Why You Should Care: Whether it’s in the studio or on stage, Chris Jones & The Night Drivers are making some of the most distinctively elegant yet driving music to be heard anywhere today, and they’re delivering it with a unique blend of dry wit, emotional authenticity and broad humor. Altogether, members of Chris Jones & The Night Drivers have won more than a dozen IBMA awards and have recorded more than ten #1 songs. Their four most recent singles “We Needed This Ride,” “Leave It At The Gate,” “Quiet Click” and “Whither You Roam — all featuring the current line up of Jones, Mark Stoffel, Marshall Wilborn and Grace van’t Hof — have all reached No. 1 on the Bluegrass radio charts.
It’s been a while since he last flexed this particular musical muscle in the studio, but Chris Jones has long had an affinity for acoustic swing music. That — and the song’s roots in his personal history — makes “Riding The Chief,” the new Mountain Home Music Company single from Jones and his band, the Night Drivers, a bit of a homecoming.
Featuring some tastefully glistening instrumental work from bandmembers Mark Stoffel (mandolins and harmony vocals), Grace van’t Hof (baritone ukelele, accordion and harmony vocals) and Marshall Wilborn (upright bass), “Riding The Chief” checks all the swing boxes, from Stoffel’s tuneful twin mandolin opening to Jones’ closed chord, “sock” guitar rhythm, to the way Wilborn locks in to guest drummer Tony Creasman’s easy lope, to the smooth, western-flavored harmonies of the song’s laid-back yet catchy chorus. For bluegrass fans, it’s an irresistible change of pace, served up by a familiar voice.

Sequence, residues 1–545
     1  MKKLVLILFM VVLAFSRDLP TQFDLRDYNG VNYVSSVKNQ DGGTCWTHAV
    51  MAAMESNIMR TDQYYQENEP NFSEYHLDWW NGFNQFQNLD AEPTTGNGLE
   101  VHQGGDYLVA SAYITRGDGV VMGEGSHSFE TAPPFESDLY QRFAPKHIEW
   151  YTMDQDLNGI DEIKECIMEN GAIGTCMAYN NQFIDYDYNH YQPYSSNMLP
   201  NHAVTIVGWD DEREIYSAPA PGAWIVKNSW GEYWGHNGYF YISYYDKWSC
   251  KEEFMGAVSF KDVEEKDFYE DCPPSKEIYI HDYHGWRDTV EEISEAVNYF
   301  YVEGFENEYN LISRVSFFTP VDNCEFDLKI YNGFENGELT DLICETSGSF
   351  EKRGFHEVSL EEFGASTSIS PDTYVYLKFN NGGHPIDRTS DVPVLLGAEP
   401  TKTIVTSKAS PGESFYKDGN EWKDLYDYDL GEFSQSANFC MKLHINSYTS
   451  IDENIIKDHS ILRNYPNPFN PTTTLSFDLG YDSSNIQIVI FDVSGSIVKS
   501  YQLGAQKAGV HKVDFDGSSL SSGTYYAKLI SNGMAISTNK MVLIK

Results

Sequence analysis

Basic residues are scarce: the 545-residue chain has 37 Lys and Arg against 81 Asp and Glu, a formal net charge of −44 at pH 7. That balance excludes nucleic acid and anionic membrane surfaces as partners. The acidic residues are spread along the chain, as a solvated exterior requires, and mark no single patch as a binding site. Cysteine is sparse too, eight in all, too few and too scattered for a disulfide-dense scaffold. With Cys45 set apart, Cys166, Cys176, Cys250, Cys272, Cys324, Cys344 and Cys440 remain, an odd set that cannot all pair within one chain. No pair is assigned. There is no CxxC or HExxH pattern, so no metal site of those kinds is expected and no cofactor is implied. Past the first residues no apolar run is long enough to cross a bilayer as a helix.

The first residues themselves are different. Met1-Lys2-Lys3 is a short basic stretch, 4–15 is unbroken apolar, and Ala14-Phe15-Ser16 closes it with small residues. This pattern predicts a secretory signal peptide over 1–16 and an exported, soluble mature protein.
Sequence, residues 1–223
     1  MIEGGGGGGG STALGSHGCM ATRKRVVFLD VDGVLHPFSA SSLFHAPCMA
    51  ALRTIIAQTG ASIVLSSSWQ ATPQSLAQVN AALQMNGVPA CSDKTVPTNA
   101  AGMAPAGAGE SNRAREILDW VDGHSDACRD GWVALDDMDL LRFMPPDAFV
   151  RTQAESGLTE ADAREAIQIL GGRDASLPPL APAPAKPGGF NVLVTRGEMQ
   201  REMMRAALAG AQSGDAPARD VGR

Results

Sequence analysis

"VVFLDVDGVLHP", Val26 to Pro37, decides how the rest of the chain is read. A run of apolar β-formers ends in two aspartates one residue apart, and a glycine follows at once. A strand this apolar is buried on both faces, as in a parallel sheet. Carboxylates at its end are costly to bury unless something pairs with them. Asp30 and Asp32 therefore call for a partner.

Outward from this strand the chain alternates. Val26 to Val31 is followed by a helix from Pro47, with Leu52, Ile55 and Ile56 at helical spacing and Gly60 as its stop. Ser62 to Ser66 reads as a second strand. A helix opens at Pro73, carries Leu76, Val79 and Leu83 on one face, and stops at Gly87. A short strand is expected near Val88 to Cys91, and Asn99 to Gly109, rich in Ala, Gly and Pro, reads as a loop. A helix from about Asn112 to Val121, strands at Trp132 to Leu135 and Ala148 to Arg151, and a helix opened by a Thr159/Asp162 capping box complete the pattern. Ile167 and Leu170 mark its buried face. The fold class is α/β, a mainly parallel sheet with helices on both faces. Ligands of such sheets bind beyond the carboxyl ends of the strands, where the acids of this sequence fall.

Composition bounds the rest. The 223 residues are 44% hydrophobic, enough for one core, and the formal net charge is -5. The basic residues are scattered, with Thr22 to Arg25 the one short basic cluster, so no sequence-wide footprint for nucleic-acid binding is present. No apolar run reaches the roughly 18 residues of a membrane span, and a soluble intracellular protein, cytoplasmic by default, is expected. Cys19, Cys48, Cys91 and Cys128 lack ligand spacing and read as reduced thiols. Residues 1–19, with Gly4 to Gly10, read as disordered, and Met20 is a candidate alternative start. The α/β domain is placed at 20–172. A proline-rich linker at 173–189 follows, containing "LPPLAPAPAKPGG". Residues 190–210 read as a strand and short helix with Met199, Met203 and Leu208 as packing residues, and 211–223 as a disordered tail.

“This was my first co-writing effort after the start of the pandemic,” Jones reveals. “Thomm Jutz and I wrote this while over 2000 miles apart via FaceTime, after I told him the story. I thought the western swing-feel suited the geography of the journey.”
“It’s an autobiographical song,” he goes on to say. “When I was a kid, my parents lived at other ends of the country, and starting in my early teens, I took the train to New Mexico to spend summers and sometimes Christmas holidays with my dad and family. I loved everything about these trips and they made a huge and lifelong impression on me. Between Chicago and Albuquerque, the train was the old Santa Fe Super Chief, which by then was operated by Amtrak, now called the Southwest Chief. Though I got off in Albuquerque, the train continued to LA and had been the main train route between those cities since the 1930s, originally operated by the Atchison, Topeka, and Santa Fe railroad. It’s still running.”
With its relaxed sway, its deftly written catalog of the journey’s waystations (and a regular infusion of details to characterize them) and, most of all, Jones’ warm, low-pitched vocal to deliver it, “Riding The Chief” is a satisfying slice of Americana that puts a distinctive new entry in the “train song” chapter of the bluegrass songbook.